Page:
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The delivery of 10 mGy of radiation to a woman�s breashas been estimad to increase her lifetime risk of developing breascancer by 13 cheap lasix american express blood pressure recommendations. For a 25-year-old whose background Evidence risk of developing breascancer in the following 10 years is 0 discount lasix 100 mg visa arrhythmia statistics. Furthermore, Allen and Demetriades48 have suggesd thaven this small risk is an overestima. Nevertheless, breastissue is especially sensitive to radiation exposure during pregnancy because of hormonally induced increased glandular activity. In each of these studies, the authors conclude thaprospective trials are required to valida their fndings. Baseline blood investigations Whabaseline blood investigations should be performed before initiating anticoagulantherapy? Before anticoagulantherapy is commenced, blood should be taken for a full blood count, coagulation D screen, urea and electrolys, and liver function sts. B The use of anticoagulantherapy can be infuenced by renal and hepatic function, and can Evidence infuence the plalecount, and blood should be taken to confrm thathese are normal level 4 before commencing treatment. Levels level 1++ of antithrombin and proin C may fall, particularly if the thrombus is exnsive. In addition, proin S levels fall in normal pregnancy and an acquired activad proin C resistance is found in around 40% of pregnancies. This is of particular relevance in obstric practice where obstric haemorrhage remains the moscommon cause of severe obstric morbidity. This recommendation was based on anti-Xa activity and a paucity of reports on safety and effcacy of once-daily dosing. Initial dose of enoxaparin is dermined as follows: Booking or early pregnancy weighInitial dose of enoxaparin < 50 kg 40 mg twice daily or 60 mg once daily 50�69 kg 60 mg twice daily or 90 mg once daily 70�89 kg 80 mg twice daily or 120 mg once daily 90�109 kg 100 mg twice daily or 150 mg once daily 110�125 kg 120 mg twice daily or 180 mg once daily > 125 kg Discuss with haematologisTable 1b. Initial dose of dalparin is dermined as follows: Booking or early pregnancy weighInitial dose of dalparin < 50 kg 5000 iu twice daily or 10 000 iu once daily 50�69 kg 6000 iu twice daily or 12 000 iu once daily 70�89 kg 8000 iu twice daily or 16 000 iu once daily 90�109 kg 10 000 iu twice daily or 20 000 iu once daily 110�125 kg 12 000 iu twice daily or 24 000 iu daily > 125 kg Discuss with haematologisTable 1c. D Obstric patients who are postoperative and receiving unfractionad heparin should have D plalecounmonitoring performed every 2�3 days from days 4 to 14 or until heparin is stopped. Iis therefore recommended thaobstric patients who are postoperative and receiving unfractionad heparin should have plalecounmonitoring performed every 2�3 days from days 4 to 14 or until heparin is stopped. Collapsed, shocked women who are pregnanor in the puerperium should be assessed by a am of experienced clinicians including the on-call consultanobstrician. P Women should be managed on an individual basis regarding: intravenous unfractionad heparin, thrombolytic therapy or thoracotomy and surgical embolectomy. P Managemenshould involve a multidisciplinary am including senior physicians, obstricians and radiologists. Marnity units should develop guidelines for the administration of intravenous unfractionad heparin. Collapsed, shocked women who are pregnanor in the puerperium should be assessed by a multidisciplinary resuscitation am of experienced clinicians including the on-call consultanobstrician, who should decide on an individual basis whether a woman receives intravenous unfractionad heparin, thrombolytic therapy or thoracotomy and surgical embolectomy. A perimorm caesarean section should be performed by 5 minus if resuscitation is unsuccessful and the pregnancy is more than 20 weeks. Where such problems Evidence are considered to exist, haematologists should be involved in the patient�s management. Imay level 2+ be useful to dermine the anti-Xa level as a measure of heparin dose. With unfractionad heparin, a lower level of anti-Xa is considered therapeutic (targerange 0. Afr thrombolytic therapy has been given, an infusion of unfractionad heparin can be given, buthe loading dose (outlined above) should be omitd. Mosbleeding events occur around cather and puncture sis and, in pregnanwomen, there have been no reports of intracranial bleeding. If the patienis nosuitable for thrombolysis or is moribund, a discussion with the cardiothoracic surgeons with a view to urgenthoracotomy should be had. A randomised controlled trial comparing knee-length with thigh-length hosiery concluded thathigh-length compression elastic stockings do novidence offer betr proction againspost-thrombotic syndrome than below-knee hosiery and are level 1+ less well tolerad. A piloaudiof compliance with graduad compression stockings in pregnancy showed poor levels of compliance relad to discomforand side effects. Outpatienfollow-up should include clinical assessmenand advice with monitoring of blood plalets and peak anti-Xa levels if appropria (see sections 5 and 6. Reducing to an inrmedia dose may be useful in pregnanwomen aincreased risk of bleeding or osoporosis. A review of 91 level 3 pregnancies in 83 women concluded thadanaparoid is an effective and safe antithrombotic in pregnancy for women who are intoleranof heparin. Vitamin K antagonists cross the placenta readily and are associad with adverse pregnancy outcomes including miscarriage, prematurity, low birthweight, neurodevelopmental problems Evidence and fetal and neonatal bleeding. They are also associad with a characristic embryopathy level 2+ following fetal exposure in the frstrimesr. Where possible, anticoagulantherapy should be alred to avoid an unwand anticoagulanffecduring delivery. Women should be advised noto injecany further heparin if they are in established labour or think they are in labour. Subcutaneous unfractionad heparin should be discontinued 12 hours before and intravenous unfractionad heparin stopped 6 hours before induction of labour or regional anaesthesia. If iis markedly prolonged near delivery, protamine sulfa may be required to reduce the risk of bleeding. One approach to the use of anticoagulantherapy in this situation level 4 has been described by McLintock eal. Iis considered thaobstric patients have a lower incidence of spinal haematoma than elderly patients. Measures should be taken to allow drainage of any haematoma, including the use of drains and inrrupd skin sutures. A case�control study has repord an increased incidence of wound Evidence complications in women receiving peripartum anticoagulation. Any woman who is considered to be ahigh risk of haemorrhage, and in whom continued heparin D treatmenis considered essential, should be managed with intravenous unfractionad heparin until the risk factors for haemorrhage have resolved. Ishould therefore be used in situations when anticoagulation is required buconcerns exisregarding bleeding; these situations include: anpartum haemorrhage, coagulopathy, progressive wound haematoma, suspecd intra-abdominal bleeding, and postpartum haemorrhage. One regimen for the administration of unfractionad Evidence heparin is given in section 6. Before discontinuing treatmenthe continuing risk of thrombosis should be assessed. Postpartum warfarin should be avoided until aleasthe ffth day and for longer in women aincreased risk of postpartum haemorrhage.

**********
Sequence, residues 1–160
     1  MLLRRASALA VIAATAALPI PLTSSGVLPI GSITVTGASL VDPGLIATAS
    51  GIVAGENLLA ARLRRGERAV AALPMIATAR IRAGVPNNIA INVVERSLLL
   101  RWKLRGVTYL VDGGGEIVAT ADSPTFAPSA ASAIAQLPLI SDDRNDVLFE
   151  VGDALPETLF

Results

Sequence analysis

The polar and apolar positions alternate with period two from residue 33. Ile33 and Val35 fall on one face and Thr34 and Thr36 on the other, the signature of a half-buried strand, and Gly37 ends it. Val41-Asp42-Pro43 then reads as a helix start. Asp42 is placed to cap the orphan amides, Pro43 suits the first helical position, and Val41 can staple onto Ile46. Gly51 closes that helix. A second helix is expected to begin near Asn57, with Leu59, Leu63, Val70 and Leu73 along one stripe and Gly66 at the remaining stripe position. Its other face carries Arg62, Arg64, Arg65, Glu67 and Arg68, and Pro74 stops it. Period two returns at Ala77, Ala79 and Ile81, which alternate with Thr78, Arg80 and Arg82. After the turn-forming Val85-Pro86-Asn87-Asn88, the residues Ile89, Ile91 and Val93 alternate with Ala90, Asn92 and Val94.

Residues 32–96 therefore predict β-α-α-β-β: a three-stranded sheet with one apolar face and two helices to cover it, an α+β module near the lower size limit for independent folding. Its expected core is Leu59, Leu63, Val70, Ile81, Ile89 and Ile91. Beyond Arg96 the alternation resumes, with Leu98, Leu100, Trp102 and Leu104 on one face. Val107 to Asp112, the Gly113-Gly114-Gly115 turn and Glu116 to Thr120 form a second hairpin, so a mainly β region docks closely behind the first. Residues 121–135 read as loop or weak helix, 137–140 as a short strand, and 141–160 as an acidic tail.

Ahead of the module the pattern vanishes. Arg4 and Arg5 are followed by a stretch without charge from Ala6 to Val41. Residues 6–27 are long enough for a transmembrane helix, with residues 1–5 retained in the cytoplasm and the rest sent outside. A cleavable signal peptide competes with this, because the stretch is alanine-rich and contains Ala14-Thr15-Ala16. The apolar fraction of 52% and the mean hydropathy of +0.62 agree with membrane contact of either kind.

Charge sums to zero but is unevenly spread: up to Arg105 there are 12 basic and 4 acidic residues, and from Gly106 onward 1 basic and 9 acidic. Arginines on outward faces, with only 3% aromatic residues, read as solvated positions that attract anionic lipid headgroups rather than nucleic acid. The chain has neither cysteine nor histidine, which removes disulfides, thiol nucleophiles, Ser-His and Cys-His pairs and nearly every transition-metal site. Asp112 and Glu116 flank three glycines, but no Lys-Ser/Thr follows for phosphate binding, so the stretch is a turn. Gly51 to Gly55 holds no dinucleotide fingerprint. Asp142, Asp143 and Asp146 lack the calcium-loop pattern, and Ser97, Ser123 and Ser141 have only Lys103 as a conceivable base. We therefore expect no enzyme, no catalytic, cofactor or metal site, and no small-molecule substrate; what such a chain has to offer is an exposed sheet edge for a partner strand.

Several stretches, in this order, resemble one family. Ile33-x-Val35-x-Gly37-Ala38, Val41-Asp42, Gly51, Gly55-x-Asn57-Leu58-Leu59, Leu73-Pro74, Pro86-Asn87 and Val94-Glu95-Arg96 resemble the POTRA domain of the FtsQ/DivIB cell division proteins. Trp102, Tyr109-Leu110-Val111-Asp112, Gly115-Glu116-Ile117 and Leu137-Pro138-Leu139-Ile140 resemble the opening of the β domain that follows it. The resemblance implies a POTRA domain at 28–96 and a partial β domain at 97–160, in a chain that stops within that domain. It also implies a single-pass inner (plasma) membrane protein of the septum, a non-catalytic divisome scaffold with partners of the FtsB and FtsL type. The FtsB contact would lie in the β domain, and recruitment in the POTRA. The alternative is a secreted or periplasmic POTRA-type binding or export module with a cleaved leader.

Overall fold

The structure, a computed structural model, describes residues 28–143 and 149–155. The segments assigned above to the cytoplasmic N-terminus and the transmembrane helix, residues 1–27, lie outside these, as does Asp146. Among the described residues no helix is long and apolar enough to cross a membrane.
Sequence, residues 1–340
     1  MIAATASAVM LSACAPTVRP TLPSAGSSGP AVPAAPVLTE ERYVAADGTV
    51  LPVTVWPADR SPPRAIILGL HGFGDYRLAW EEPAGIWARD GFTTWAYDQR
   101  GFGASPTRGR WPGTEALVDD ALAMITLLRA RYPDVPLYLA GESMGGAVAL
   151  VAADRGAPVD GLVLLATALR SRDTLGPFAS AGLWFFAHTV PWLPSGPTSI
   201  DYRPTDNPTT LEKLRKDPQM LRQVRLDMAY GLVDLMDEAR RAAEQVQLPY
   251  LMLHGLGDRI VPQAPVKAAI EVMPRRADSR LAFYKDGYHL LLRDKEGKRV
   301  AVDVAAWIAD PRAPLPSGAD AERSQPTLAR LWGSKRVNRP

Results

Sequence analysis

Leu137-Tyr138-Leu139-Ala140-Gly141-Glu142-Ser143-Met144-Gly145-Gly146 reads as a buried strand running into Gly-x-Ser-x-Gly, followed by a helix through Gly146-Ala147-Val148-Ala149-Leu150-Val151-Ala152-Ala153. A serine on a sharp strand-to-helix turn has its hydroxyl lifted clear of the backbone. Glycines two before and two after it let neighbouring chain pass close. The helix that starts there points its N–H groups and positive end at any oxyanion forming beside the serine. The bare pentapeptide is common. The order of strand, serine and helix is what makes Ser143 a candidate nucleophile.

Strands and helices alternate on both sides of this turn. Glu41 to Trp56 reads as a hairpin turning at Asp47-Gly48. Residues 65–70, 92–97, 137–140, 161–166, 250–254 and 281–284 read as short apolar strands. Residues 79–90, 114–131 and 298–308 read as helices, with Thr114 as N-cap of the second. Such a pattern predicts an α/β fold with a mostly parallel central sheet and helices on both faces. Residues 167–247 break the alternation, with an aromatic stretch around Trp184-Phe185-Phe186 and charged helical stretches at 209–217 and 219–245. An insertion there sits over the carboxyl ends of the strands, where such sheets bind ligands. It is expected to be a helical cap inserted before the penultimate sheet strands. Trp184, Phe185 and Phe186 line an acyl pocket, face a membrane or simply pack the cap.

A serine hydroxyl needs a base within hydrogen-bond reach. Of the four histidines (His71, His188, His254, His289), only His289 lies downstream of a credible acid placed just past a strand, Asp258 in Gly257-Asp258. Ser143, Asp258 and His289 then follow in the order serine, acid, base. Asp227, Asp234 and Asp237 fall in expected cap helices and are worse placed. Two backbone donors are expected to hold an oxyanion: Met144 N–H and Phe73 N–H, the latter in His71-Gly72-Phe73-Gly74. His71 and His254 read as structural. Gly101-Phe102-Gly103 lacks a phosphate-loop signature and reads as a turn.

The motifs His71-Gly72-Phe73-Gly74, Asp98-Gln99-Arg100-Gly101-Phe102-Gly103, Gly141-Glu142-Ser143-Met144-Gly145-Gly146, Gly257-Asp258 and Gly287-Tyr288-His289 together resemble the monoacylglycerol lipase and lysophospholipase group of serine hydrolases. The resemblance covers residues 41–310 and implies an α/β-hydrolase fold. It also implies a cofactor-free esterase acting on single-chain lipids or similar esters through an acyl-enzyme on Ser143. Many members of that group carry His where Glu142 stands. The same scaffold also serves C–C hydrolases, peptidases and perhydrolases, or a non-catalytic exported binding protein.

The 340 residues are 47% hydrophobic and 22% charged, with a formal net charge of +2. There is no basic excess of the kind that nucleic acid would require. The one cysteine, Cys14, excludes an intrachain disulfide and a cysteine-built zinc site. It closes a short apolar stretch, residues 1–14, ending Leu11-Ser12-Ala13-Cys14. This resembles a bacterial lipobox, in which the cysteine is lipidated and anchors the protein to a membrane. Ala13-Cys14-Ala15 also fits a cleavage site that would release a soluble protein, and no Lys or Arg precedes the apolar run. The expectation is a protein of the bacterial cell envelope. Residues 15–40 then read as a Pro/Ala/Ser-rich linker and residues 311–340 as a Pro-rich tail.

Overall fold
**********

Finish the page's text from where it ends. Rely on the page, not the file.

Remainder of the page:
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Prevention and Treatment of Tuberculosis among patients infected with human immunodeficiency virus: principles of treatment and revised recommendations buy lasix blood pressure 9555. Mycobacterium avium complex infection best lasix 40mg arrhythmia nos, rifabutin, and uveitis—is there a connection? A comparison of ciprofloxacin, norfloxacin, ofloxacin, clarithromycin and cefixime examined by observational cohort studies. Tackling the burden of non-adherence requires a collaborative, patient- centric approach that considers individual patient needs and results in intelligent interventions that combine high-tech with high-touch. His • The emerging paradigm of patient centricity in doctor prescribed multiple meds: the critical insu- adherence. He takes out his Industry Dynamics Reshape pill box but wonders, “Should I take both doses Healthcare Delivery together or skip the frst one? Expected to account for three-fourths intriguing and complex of patient behaviors. Non- of all deaths globally by 2020 , chronic illness1 adherence to a therapeutic regimen can result is straining the healthcare capacity of many in negative outcomes, and it can be compound- countries that lack the resources to provide ed in populations with chronic illness because of adequate healthcare services. Industry interest in patient engagement has Non-adherence leads to One school of thought spiked, infuenced by the release in late August deteriorating health out- 2012 of the Meaningful Use Stage 2 Final Rule by postulates that instead comes across patient the U. Now that patient engagement is being mortality rates in dia- creating new medications called the biggest blockbuster drug of the century, betes and heart disease pharmaceuticals and healthcare industry players to cure chronic diseases, patients, non-adherers need to reconfgure their resources to develop applying a fraction of had much higher mortal- innovative business models that are based on val- ity rates (12. Its three tenets include improving the eases, applying a fraction of that cost to helping patient experience, improving population health patients adhere to their medications would actu- and reducing the per capita cost of healthcare. Kearney analysis Figure 1 Traditional Management of adherence in certain situations, but a “one-size- Non-adherence fts-all” approach is not effective; one-tool solutions often become marginalized if the pro- Conventional health models have historically gram does not address the underlying barriers placed patients with different health conditions of adherence. The traditional approach of designing programs Understanding the Causes of that address individual adherence barriers has Non-Adherence resulted in extremely siloed health management programs. These programs are less effective The reasons for patient non-adherence are because they don’t account for the fact that non- complex and multifactorial, and an effective adherence is caused by the presence of multiple coordinated care model needs to consider all of factors. Both internal factors (a taking their medication, and adherence rates patient’s intentional and unintentional beliefs) plummet, in just a few months, with 50% to 90% and external factors (those related to the health- of patients stopping their prescribed therapies by care system, family support, the therapy regimen, the end of the frst year of treatment (see Figure 1). All of these factors education, pharmacy programs, awareness have a powerful infuence on patient decision- campaigns and fnancial rewards, can impact making and behavioral change. Quick Fact The Health Belief Model proposes that patients act on treatment recommendations when they believe that the benefts of treatment outweigh treatment barriers. In a study of 18 small, medium and large pharmaceuticals companies, 12 had dedicated patient adherence teams. Human health behavior professionals, who can better understand patients’ motivations, psychology and emotions are increasingly a part of these teams. For example, the more the patient interest of preventing patients from switching to must change his or her lifestyle, the less likely he competitive offerings, infuencing positive health or she is to follow recommendations. In addition, outcomes and reducing the overall cost of health- the less complicated the treatment regimen, the care by offering a set of adherence services along higher the rate of adherence. The Emerging Adherence Paradigm Acquiring new patients costs pharmaceuticals of Patient Centricity companies an average of 62% more than retaining the ones they already serve. In addition, the less companies are now work- ing to engage with patients complicated the Approximately 69% of total healthcare costs are heavily infuenced by consumer behaviors. Working together, these com- What Patient Centricity Means for panies launched a head-to-head clinical trial of Various Stakeholders Plavix (clopidogrel) and Effent (prasugrel) that highlighted not just which molecule is more eff- Today’s healthcare environment has led hos- cacious but also which patients would be best pitals, physician groups and payers to develop suited to which drug. Traditionally, laborative approaches will demonstrate the value providers have educated patients on adher- of determining appropriate treatment pathways ence. However, payers are increasingly working for a particular condition rather than just ran- to ensure their members have better health domly assessing the effcacy of individual drugs outcomes and lower costs. For any disease state, patients progress Devices and sensors can increase self-monitoring through different stages, including diagnosis, and management; gamifcation and analytics treatment and care. All of these interactions need various stakeholders in the healthcare ecosys- to be seamless so that patients can focus on their tem — physicians, paramedic staff, care providers, care rather than being caught in a web of interac- payers, pharmaceuticals companies, pharmacies tion challenges. We call this the “5 C’s”: collect data, capture events, con- To address the issue of medication non-adher- nect stakeholders, compress time and create ence, we have developed a patient-centric model opportunities. An effective adherence model must use a holistic Patient-centric Adherence Framework patient engagement framework that is designed Patient interactions within the healthcare ecosys- to address the causes of non-adherence from a tem are exceedingly complex; therefore, a holistic patient’s point of view. With physicians and pharmacists involved in the patient recruitment cycle, organizations can expect a jump in program enrollments in the range of 17% to 36% based on regions and disease type. Framework considerations should include: • Patient stratifcation: Patients need to be categorized in different ways, and customized engagement programs need to be designed for the different segments. Different adherence methods are applicable to different situations, depending on the type of adherence being assessed, the precision required and the intended application of the results. As there is no “gold standard” for measuring patients’ adherence to medicines, and no single tool to detect all types of non-adherence, the choice of method for measuring adherence to a medication regimen should be based on its usefulness and reliability for a particular patient profle, therapeutic area, drug under consideration, etc. Patients should be able to use their own health devices and smartphones ration among various stakeholders. Predictive surveys are questionnaires supplied to patients that can help predict their behavior • Self-help and education: Enabling patients and enable segmentation. A list of industry- with self-help tools and an understanding approved predictive surveys is presented in of their condition is critical to helping them Figure 5. The study was conducted in partnership with the International Diabetes Federation in December 2013 and involved more than 10,000 people with Type 2 diabetes and more than 6,500 treating physicians from 26 countries. The intent was to investigate how early conversations between physicians and patients with Type 2 diabetes could be optimized. Insights from the survey will be used to develop solutions to support primary care physicians and people with Type 2 diabetes. Merck, for example, developed a game called the “Type 2 Travelers Project” to encourage patients to follow the treatment regimen of its diabetes drug Januvia, as well as manage other aspects of their health. Emerging management and predict behavior patterns technologies and tools enable effective in order to identify high-risk patients who are education delivery to patients, including: likely to stop engaging and design interven- tion models to motivate them. For example, a diabetic patient who experi- > Gamifcation techniques to increase en- ences a hypoglycemic attack may discover gagement and adoption. Pharmaceuticals that the episode is correlated to poor diet and companies often use interactive games and medication non-adherence, perhaps as a result other reward systems within their mobile of an underlying attitude that the patient has initiatives to keep patients engaged with toward the drug. While self-reporting data and developing an effective intervention using is essential to tracking and measuring pa- an analytics engine can help providers deliv- tient outcomes and behaviors, self-reporting er insights to patients that encourage them rates are usually very poor due to low patient to change their behaviors. Gamifcation can provide and segmentation capabilities are also impor- a driving force for patients to involve them- tant for tracking and understanding changes selves in the process and beneft from it. As patients change, organizations must > Use of social media such as Facebook and map them to new segments and design new Twitter to create forums and user communi- interventions. An inherent problem deliver alerts, notifcations and motivational with adherence programs is the diffculty of messages to drive positive behavior change. Tracking which interventions are of patients who voluntarily enroll in a study effective and revising the ones that aren’t and actually follow the experimental regimen is critical to properly monitoring outcomes.